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STANDARD VILLAGE PLANS

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the extent of the largest cities would be 20,000 dandas, or about
30 English miles square. Of this area about one-third was
devoted to building space, and the rest to the agricultural lands
owned by the community, It should be observed that neither
a village nor a town was usually square in plan, but a rectangle,
with the long sides running east and west, so as to secure a
proper circulation of air even in the largest cities. In the
description of Ayodhya given in the Ramayana, the proportion
between its breadth and length is as one is to four. Pataliputra
was about 9 miles in length and miles in breadth. Hindu
Gaur was also a long rectangle. One of the long sides
generally faced a lake or river, an arrangement which provided
bathing facilities for all the inhabitants, and obviated the neces-
sity of building defensive works all round.
It will be interesting to examine in detail some of the village
plans, of which eight standard types are given in the Manasara.1
The simplest one (fig. 1), called Danddka, after the staff
carried by sannydsins, was specially intended for a hermitage
(asrdm) or other religious community. It consisted of from
one to five long parallel streets running east and west, with
three shorter ones intersecting them in the middle and at
the two ends. There were two bathing-tanks near the N.E.
and S.W. angles of the village, and various shrines appro-
priate for the particular sect to which the villagers belonged
the principal one being placed at the west end of the Raja-
patha, with its entrance facing the rising sun. Minor deities
had their temples on the outskirts of the village, outside or in-
side the wall or fence, which had four large gates facing the two
main streets, and smaller ones at the angle of the village. It
contained from twelve to over three hundred houses. In the
given plan each of the eight inside blocks had two rows of
houses ; the narrower outside blocks only one.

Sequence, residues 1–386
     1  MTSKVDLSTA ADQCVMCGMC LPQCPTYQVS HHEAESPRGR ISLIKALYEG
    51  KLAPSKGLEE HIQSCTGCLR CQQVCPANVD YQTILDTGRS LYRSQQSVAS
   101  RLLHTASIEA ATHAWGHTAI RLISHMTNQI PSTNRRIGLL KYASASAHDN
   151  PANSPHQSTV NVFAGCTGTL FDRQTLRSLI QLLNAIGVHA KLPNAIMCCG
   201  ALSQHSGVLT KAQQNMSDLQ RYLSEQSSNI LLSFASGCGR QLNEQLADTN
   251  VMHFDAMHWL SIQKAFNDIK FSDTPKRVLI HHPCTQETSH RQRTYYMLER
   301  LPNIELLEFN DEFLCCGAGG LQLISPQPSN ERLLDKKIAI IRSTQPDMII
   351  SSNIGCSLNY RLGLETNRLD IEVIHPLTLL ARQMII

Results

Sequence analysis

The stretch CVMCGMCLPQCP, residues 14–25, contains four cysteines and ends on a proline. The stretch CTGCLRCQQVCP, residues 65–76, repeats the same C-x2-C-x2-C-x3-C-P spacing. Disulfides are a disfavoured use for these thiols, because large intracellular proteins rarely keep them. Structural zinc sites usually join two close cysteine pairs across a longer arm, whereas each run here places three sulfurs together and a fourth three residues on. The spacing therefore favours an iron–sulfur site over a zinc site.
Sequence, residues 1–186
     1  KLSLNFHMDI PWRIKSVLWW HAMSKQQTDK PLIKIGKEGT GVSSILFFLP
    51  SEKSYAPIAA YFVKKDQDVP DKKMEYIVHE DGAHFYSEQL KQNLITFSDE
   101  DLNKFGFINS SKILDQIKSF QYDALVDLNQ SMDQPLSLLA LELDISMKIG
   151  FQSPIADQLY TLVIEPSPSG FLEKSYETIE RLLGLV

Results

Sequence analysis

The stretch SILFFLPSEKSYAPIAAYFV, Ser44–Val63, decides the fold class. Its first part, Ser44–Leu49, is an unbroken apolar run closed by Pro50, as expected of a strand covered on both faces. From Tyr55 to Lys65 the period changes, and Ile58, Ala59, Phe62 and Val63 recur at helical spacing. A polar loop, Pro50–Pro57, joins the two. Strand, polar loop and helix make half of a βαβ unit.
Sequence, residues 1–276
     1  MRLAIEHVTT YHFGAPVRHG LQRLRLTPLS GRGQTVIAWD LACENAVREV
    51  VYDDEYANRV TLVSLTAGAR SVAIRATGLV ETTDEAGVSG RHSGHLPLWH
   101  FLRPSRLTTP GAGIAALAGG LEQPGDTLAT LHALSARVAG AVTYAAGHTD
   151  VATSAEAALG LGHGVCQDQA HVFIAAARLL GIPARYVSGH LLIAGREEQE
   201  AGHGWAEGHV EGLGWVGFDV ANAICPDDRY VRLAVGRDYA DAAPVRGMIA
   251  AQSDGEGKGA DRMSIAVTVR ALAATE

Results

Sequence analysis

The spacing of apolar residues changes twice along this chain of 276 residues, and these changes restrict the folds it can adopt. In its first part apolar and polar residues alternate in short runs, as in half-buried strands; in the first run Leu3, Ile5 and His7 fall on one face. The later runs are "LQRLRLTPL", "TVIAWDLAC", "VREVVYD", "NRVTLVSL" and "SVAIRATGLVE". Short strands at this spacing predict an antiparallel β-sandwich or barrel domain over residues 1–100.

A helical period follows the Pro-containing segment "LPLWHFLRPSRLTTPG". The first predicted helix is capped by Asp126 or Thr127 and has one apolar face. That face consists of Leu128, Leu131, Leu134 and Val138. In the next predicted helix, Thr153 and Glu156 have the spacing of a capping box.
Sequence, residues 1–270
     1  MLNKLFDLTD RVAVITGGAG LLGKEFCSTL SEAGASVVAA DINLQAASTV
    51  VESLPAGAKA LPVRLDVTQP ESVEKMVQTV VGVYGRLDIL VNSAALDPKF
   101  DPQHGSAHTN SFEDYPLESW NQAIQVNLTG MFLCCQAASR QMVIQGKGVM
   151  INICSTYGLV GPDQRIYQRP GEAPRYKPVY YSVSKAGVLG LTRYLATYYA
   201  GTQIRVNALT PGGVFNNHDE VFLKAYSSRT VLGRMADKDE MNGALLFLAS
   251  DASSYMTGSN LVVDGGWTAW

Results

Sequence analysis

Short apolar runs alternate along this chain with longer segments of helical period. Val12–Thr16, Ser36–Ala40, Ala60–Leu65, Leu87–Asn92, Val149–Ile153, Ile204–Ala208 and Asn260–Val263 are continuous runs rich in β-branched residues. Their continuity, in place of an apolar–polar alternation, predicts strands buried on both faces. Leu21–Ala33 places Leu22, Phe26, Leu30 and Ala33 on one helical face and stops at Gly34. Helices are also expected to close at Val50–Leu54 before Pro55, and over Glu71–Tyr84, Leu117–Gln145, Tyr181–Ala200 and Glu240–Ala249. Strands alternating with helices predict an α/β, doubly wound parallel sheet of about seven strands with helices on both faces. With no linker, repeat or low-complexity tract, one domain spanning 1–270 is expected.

1 Ram Raz, Essay on the Architecture of the Hindus," p. 42.

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THE ASSEMBLY-HALL
Fortune ; this being the path by which the village priests went
daily in performance of the rite of pradakshin, or circum-
ambulation. Mangala has also a secondary meaning as an
epithet of Karttikeya, the god of war. In this sense the name
refers to the use made of the road by the village or town
sentinels whose watchfulness ensured the safety of its inhabit-
ants from hostile attacks.
The centre of the village, at the intersection of the two
main streets (fig. 2), was the recognised meeting-place for the
Council of Elders which regulated local affairs. A banyan or
a ppal tree planted on a mound sufficed for the mote-house
or assembly-hall, except when the village was a large one,
and could afford a pillared mandapam, or a pavilion of wood,
brick, or stone.
In this ancient Aryan village custom one can trace the root
of the idea of the Bodhi tree, or Tree of Knowledge ; for the
tree of the village elders must have been associated with the
wisdom of sages long before the forest tree became the place
of meditation for the yogi who sought spiritual enlightenment.
A symbolic or mystic meaning also attached itself to the
Council tree ; for, planted at the centre of the cosmic cross, it
was the Tree of Vishnuthe sun at noon and the all-pervading
cosmic force. It stood for the mystic tree of which the sun
and moon and stars were fruits and the blue vault of heaven
the foliage.
In a small village the Council tree, or Tree of Justice,
would give sufficient shelter for the general meeting of the house-
holders, who formed the Parliament of the Indo-Aryan village.
They had the power of nominating all the Ministersthe
Council of Fiveexcept the headman, whose office was heredi-
tary, but who could be deposed by the Raja, the head of the
clan, in case of any grievous offence against the laws of the
Aryan community. In larger villages and towns the meeting-

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